The poem holds similarities to ‘Leda and the Swan’: “Leaden body” the language is shocking as it is talking about rape and violence but in contrast ‘Among School Children’ reflects innocence of the children and love for Maud Gonne. IT is a first person narrative conversational in tone and a sense of Yeats allowing the music he discusses in ‘Sailing to Byzantium’ The rhyme scheme is the same as that in ‘Sailing to Byzantium’ (ABABABCC) and roman numerals are used to add formality to the poem.

W. B. Yeats – ‘Sailing to Byzantium’

This poem is a depiction of Yeats changing interpretations of his life and the world he essentially lives in. Yeats throughout this poem reflects on the changes in Ireland and how it is not accepted by Yeats, he escapes the reality of his unhappiness in Ireland to his imagination containing ‘Byzantium’. The idea of this mythical place holds new possibilities for him in his old age; it is an escape from his physical appearance demonstrating his dreams of such a world but no full escape of reality. The classical interpretation of Yeasts passions are intertwined in the poem, stating that the majority of our arts emerged from these origins and culture. The city represents this idea in that through classical interpretation his imaginative city survived the fall of the Roman Empire and the changes throughout the city that had occurred due to the new Western civilisation. This poem similar to ‘Leda and the Swan’ is linked to the classical world and presenting parallels between an ancient world and a modern world. Yeats interpretation of ‘Byzantium’ and the significance it has to art almost makes up for man dying, this also represents his ideas on age and the loss of life, the arts are suppose to represents lasting long after man has died, a place where art is treasured and appreciated.
‘Byzantium’ is the modern day Istanbul and although Yeats has never visited this place he has hope that it will be the same as how he imagines it to be, he imagines it to be completely different to Ireland as he is essentially trying to leave Ireland. Yeats achieves what he desires from the poem as an exile from youth and younger age in comparison to himself.
The themes present in ‘Sailing to Byzantium’ are art and nature and how overly powerful art is compared to nature, how great civilisation can control nature and desire, with a specific demonstration of art.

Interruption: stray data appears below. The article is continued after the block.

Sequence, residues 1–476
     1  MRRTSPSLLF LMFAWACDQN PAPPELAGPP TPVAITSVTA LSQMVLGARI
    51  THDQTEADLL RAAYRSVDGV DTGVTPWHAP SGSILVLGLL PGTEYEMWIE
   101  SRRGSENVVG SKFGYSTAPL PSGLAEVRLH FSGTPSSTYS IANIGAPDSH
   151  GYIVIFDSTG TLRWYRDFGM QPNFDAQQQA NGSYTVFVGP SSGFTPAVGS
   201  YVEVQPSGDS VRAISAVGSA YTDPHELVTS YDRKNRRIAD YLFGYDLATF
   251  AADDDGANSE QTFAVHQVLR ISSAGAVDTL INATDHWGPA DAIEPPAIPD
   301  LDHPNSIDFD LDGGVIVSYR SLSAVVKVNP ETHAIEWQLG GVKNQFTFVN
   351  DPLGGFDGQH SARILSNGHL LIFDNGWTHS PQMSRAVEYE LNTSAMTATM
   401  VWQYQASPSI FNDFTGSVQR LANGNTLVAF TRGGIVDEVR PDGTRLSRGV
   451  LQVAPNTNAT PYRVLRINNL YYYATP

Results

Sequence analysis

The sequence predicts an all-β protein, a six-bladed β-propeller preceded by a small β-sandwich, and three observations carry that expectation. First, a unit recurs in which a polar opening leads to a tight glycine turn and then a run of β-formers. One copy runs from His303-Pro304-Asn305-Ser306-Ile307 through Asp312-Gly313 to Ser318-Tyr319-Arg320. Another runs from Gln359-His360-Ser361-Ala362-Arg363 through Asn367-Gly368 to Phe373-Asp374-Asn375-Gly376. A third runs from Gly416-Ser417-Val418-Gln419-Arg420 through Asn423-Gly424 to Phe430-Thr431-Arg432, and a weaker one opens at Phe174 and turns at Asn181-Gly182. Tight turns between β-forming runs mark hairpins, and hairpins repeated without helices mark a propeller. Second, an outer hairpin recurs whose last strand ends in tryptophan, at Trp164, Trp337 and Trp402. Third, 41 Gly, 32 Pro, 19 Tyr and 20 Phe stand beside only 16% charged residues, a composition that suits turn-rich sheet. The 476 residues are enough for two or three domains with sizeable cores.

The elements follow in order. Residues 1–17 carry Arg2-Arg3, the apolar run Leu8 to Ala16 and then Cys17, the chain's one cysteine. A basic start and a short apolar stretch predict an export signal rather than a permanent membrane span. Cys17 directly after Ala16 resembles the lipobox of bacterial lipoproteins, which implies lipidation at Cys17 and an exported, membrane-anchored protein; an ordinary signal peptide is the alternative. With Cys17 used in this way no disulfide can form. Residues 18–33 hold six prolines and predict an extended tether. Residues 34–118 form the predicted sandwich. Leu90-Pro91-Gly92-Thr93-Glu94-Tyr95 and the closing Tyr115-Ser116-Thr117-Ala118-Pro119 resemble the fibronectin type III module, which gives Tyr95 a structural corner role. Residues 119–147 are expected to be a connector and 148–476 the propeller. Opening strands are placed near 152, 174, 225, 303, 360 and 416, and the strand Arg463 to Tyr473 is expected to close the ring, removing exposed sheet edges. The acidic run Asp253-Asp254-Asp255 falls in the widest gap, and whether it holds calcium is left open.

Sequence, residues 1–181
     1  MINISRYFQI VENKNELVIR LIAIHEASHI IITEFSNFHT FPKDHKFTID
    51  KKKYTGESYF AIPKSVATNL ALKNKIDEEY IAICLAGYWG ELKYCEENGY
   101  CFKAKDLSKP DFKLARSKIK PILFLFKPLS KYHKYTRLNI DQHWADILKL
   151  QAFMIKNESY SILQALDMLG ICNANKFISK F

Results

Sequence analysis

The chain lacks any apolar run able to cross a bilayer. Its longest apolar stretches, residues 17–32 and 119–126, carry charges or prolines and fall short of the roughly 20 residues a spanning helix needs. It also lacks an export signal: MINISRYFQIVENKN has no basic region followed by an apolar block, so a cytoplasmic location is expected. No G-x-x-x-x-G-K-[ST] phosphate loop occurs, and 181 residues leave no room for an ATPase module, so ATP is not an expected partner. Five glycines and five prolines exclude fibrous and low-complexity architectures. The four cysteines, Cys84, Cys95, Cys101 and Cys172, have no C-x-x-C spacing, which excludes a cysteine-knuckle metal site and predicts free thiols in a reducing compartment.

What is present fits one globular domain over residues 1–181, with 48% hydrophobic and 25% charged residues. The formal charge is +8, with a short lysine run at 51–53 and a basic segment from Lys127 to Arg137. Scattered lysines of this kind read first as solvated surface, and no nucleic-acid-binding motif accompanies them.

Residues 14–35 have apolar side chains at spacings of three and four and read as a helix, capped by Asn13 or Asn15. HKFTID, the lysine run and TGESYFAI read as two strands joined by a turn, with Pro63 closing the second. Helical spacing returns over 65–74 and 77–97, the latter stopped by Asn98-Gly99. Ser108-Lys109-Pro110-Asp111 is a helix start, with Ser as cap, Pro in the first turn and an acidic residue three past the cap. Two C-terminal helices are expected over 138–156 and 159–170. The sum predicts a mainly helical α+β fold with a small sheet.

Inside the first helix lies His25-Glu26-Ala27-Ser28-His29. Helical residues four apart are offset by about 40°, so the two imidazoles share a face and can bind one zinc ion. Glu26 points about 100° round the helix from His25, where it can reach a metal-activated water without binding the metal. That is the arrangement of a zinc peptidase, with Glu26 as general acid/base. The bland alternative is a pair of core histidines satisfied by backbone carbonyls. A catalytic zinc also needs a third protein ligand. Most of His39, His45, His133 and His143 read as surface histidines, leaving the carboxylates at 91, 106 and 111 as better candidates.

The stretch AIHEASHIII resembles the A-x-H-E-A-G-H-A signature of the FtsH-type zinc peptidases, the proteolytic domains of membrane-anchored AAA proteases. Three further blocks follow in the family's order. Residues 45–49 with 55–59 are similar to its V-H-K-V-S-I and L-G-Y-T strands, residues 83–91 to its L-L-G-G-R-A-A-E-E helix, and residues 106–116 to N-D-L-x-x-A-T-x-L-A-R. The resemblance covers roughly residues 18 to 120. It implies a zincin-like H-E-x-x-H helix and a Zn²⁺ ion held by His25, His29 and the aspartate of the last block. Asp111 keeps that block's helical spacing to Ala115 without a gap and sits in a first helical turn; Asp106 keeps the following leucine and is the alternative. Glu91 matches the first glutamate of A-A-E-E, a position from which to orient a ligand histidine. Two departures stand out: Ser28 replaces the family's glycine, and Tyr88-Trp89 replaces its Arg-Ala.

‘The Help’ – chapters 5-7

These chapters present a specific representation of friendship and communication between black amd white women, the particular reference to Aibileen and Miss Skeeter, and the bond they have made with past experiences, present views amd future challenges. These chapters can also show the extremities of fear of black people. This is presented well in the adaptation of the film in which the character of Aibileen shows fear and the consequences of almost rebellion to what white people want.

W.B.Yeats – ‘The Wild Swans at Coole’

‘The Wild Swans at Coole’ is a poem that centrally reflects the attitudes, thoughts and feelings that Yeats has throughout the poem at the age of 51 at which age the poem was written. Yeats shows his own life through the presentation of the images of swans, emphasis is attracted to how completely opposite the swans are compared to Yeats. The swans have each other, a lifelong partner where Yeats feels lonely as he has no partner and no children.
The poem generally as a sorrowful and sombre tone, he feels completely alone – Maude Gonne has rejected him again and he now starts to question life, it’s meaning and his ‘place’. The swans can be seem as symbolic for different stages of his life, specifically his past with comparisons to ‘The Fisherman’ and ‘An Irishman foresees his death’ he feels philosophical to how he felt then when he had ideals on how his life was to be led. He feels differently now and he freely reflects on his life and how he wants what the swans essentially have.
The poem is written in the present tense specific emphasis is on his loneliness on age and the idea of time running out or how there is something in his life that is unfinished. ‘Twilight’ is a significant word that is often used in relation to this statement. With the representation of the ending of the day and the possible ending of his life, as though time is running out for him.